Globalization affected women’s rights and the gender hierarchy in China, in aspects of domestic life such as marriage and primogeniture, as well as in the workplace. These changes altered the quality of life and the availability of opportunities to women at different junctures throughout the modern globalization process.
From the Han Dynasty (206 BC-220 CE) until the modern period (1840–1919), scholars and rulers developed a male-dominated patriarchal society in China.
Confucianism was at the root of the development of the patriarchal society in China, and emphasized the distinctions between the sexes and the roles they have within the family.
During the Song Dynasty (960-1297), Confucian scholars further developed the patriarchal tradition with more restrictions for females, including foot binding for girls at a very young age.
Western scholarship has historically used ideas of subordinance and victimization to characterize traditional Chinese womanhood. These beliefs were largely constructed on the basis of ideological and political agendas, and were widely accepted despite their ethnocentrism. Early European writings pertaining to Chinese women were produced by missionaries and ethnologists at the conclusion of the 19th century.
The traditional Chinese marriage system benefited men more than women. This effect could be seen in monogamy, concubinage, divorce, and the heritage of lineage and property through males.
People placed a strong emphasis on food preparation in Ancient China. Cooking was one of the most time-consuming tasks for wives because of traditional rituals and high expectations for the taste and appeal of food.
The “New Culture” movement began in China around 1916 following the unsuccessful activities of the 1911 Revolution to establish a republican government, and continued through the 1920s. The May Fourth Movement, which took place on May 4, 1919, was a demonstration led by students at the National Peking University against the government, in which they protested the abolition of Confucianism and changes in the traditional value system. Many believed that the solution to China’s problems would be to adopt Western notions of equality and democracy. Since the movement stressed group efforts and propaganda, women were involved in numerous collective tasks such as publication, drama production, and fund raising, which helped them gain more social contact with men and win respect.
As a result of Communist rule in China, the social status of women improved greatly. But women in rural areas remain largely uneducated.
As the Communist regime changed the structure of Chinese society through economic reform, the structure of the Chinese family was altered.”The Four Olds” (sijiu) – old ideas, old habits, old customs, old cultures – were discouraged and were replaced by Communist ideology.
In the 1970s, as the feminist movements were forming, they began to affect the literature surrounding women in China. Studies on Chinese women from this period were concerned with women’s liberation, and were sympathetic to the feminist movement.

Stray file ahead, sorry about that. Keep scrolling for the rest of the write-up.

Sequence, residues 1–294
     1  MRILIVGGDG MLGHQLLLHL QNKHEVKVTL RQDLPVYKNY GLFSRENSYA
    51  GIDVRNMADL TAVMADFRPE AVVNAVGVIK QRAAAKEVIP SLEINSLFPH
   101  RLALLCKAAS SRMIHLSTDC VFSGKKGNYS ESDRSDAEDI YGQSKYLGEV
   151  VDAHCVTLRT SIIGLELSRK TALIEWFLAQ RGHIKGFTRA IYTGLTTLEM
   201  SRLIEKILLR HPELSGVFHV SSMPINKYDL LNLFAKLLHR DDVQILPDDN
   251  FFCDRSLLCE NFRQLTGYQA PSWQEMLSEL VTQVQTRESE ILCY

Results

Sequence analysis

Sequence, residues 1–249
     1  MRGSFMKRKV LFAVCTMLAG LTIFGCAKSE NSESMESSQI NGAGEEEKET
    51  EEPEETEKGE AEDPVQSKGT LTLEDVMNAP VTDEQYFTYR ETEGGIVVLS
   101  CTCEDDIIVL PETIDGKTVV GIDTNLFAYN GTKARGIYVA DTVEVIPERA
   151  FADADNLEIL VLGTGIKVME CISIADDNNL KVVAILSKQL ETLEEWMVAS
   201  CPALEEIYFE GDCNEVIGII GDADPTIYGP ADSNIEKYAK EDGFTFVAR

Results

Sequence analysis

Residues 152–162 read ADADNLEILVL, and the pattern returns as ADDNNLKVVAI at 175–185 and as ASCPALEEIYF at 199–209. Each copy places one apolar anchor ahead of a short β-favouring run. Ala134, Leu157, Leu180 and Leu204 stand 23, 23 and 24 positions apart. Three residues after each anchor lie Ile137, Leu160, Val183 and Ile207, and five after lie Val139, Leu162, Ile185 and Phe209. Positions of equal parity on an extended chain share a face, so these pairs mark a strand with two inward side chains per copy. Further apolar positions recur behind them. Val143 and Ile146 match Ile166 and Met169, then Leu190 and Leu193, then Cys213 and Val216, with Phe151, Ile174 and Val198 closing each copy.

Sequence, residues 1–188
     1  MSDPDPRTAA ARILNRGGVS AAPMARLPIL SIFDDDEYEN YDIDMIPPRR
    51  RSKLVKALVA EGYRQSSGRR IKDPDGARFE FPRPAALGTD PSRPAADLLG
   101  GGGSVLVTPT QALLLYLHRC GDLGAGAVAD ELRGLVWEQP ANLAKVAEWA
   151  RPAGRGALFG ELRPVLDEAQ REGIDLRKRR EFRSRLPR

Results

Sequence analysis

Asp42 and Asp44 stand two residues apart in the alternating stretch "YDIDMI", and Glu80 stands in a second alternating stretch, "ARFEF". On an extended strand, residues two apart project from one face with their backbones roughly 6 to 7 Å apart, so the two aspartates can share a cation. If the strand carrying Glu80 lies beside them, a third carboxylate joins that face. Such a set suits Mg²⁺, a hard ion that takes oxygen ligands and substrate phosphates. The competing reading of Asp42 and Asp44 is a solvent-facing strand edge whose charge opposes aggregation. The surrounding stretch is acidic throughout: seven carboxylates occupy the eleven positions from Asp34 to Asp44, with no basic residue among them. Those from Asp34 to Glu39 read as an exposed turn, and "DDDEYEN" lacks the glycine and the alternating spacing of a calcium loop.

In 1979, the Communist regime in China regulated birth control, called the one-child policy.In 2015, China allowed all couples to have two children, abolishing its decades-long one-child policy for urban families.
China’s economic policies laid the basis of the industrialization drive in export-oriented development, and its reliance on low-wage manufacturing to produce consumer goods for the world market. Young migrant women left their homes in rural settings to work in urban industrial areas.
In rural areas, women traditionally work alongside their family to produce crops like tea and rice. In urban areas, women work in factories, living away from home. Most of these factory workers are young girls who send their income to their families.
Women factory workers are known as “dagongmei” (working girls). They are traditionally young women migrants who experience a segmented labor market in informal and low-wage employment sectors.
In the Nanshan district of Shenzhen, females comprised 80% of the workforce and had an average age of 23. Young female workers are preferred over older females or males for several reasons. First, as married women are less mobile, female migrant workers are younger and more likely to be single than their male counterparts. Young rural women are preferred for these jobs primarily because they are less likely to get pregnant, and are able and willing to withstand longer working hours.
Hiring single young women serve needs of management. The employment of young females allow management to exhibit maximum control and authority over the labor force. Compared to older women and male workers, young single women are susceptible to the authority and demands of management.
Without the right to form unions, migrant women workers find it hard to effectively gain suitable rights and treatment from the factory management.
The new system allowed rural residents to migrate, it did not allow them to change their residence or accept any benefits in the cities.This resulted in a growing population of migrant laborers without the minimal benefits of residency including medical care, housing, or education. Many migrant women do not trust the government to protect their rights. Today, up to 90% of migrants work without contracts, in violation of the Chinese labour law.
By staff editor